“Make Believe, It’s Just like the Truth Clings to It”: In Conversation with the Work of Cecilia Dougherty

Programmed by Amanda Mendelsohn | 1992 - 2001 | TRT 01:19:7

Video Details
Cecilia Dougherty | 1995 | 00:20:00 | United States | English | Color | Mono | 4:3

My Failure to Assimilate muses on the profound sense of melancholy that sets in after the end of a relationship. The tape uses poetry, songs, collage, interviews, and narrative elements to construct a complex picture of the resulting loss of direction and loss of identity. The tape is organized into three sections: Part 1: 'Schizophrenia'; Part II: 'Alienation'; and Part III: 'True Self'. Central to the question of identity is the interplay between imaginary and symbolic identification.

—Maria Troy and Thompson Owen

About this program:

The work of Cecilia Dougherty explores the nature of queer women's relationships to one another, society, and the everyday, as well as a feminist analysis of lesbian sexuality, psychologies, and intimacies inside a culture that is, at best, indifferent and at worst, hostile. She often uses methodologies borrowed from documentary and biography to map contemporary realities over pop-historical icons, creating art that deals with nostalgia, popular culture, and the state of society. Looking to Dougherty’s lasting legacy, we are pleased to present the VDB TV program “Make Believe, It’s Just like the Truth Clings to It”: In Conversation with the Work of Cecilia Dougherty programmed by Amanda Mendelsohn, Graduate Distribution Assistant at the Video Data Bank, and School of the Art Institute of Chicago M.A. candidate in Modern and Contemporary Art History. Exploring the earlier video works of Dougherty, this program deals with issues of identity, queerness, and experimentation. The four titles selected, The Drama of the Gifted Child, My Failure to Assimilate, The dream and the waking, and Gone, range from 1992 to 2001, illuminating a specific time period of Dougherty’s work chosen by the artist herself. Accompanied by an essay in part based on her interview with Dougherty, Amanda explores her relationship to Dougherty’s experimental practice and catalog, as well as how the pieces fit into the broader picture of analysis.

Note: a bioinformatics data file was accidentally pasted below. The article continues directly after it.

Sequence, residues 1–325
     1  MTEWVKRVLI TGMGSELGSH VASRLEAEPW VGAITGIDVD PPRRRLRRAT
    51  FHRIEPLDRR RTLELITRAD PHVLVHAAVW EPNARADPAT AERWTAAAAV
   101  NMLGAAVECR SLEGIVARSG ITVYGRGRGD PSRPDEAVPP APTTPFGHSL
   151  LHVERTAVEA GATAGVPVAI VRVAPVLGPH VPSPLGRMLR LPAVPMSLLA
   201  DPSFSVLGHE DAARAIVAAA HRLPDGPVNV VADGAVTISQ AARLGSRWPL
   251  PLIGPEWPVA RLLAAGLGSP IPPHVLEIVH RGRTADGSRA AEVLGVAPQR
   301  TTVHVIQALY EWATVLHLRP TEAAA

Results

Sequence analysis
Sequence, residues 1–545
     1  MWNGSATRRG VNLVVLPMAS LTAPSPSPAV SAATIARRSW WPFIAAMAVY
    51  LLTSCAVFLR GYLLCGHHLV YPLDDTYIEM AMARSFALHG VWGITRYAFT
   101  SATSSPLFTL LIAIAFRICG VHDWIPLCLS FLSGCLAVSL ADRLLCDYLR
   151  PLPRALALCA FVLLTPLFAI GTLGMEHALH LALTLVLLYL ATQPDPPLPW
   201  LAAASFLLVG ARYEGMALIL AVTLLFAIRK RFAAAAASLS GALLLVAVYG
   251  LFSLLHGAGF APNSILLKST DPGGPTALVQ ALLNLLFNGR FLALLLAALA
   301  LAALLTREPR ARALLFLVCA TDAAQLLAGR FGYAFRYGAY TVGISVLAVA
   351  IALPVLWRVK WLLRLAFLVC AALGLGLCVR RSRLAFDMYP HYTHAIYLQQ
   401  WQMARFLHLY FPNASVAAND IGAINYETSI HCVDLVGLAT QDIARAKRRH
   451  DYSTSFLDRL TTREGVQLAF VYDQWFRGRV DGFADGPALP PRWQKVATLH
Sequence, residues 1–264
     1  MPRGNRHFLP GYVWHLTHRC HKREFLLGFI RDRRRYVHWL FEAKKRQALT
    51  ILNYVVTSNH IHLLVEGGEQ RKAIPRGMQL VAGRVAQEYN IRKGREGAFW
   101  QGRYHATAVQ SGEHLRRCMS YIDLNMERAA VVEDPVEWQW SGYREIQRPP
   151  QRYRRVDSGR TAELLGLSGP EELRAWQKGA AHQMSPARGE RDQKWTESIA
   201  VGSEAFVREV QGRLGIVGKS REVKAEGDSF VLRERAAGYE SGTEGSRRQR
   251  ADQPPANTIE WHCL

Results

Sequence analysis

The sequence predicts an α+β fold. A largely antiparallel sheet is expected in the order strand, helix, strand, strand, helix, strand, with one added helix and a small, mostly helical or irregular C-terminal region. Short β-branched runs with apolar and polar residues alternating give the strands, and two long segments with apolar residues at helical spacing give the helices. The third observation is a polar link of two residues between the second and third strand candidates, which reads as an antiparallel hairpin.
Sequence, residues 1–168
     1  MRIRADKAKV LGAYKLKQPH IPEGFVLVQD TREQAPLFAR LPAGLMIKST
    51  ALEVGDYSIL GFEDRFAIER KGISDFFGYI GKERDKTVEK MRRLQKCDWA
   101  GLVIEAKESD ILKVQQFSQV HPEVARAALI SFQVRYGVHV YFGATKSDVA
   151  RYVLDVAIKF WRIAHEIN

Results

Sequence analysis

To read Amanda Mendelsohn's essay click here.  VDBTVEssay_CeciliaDougherty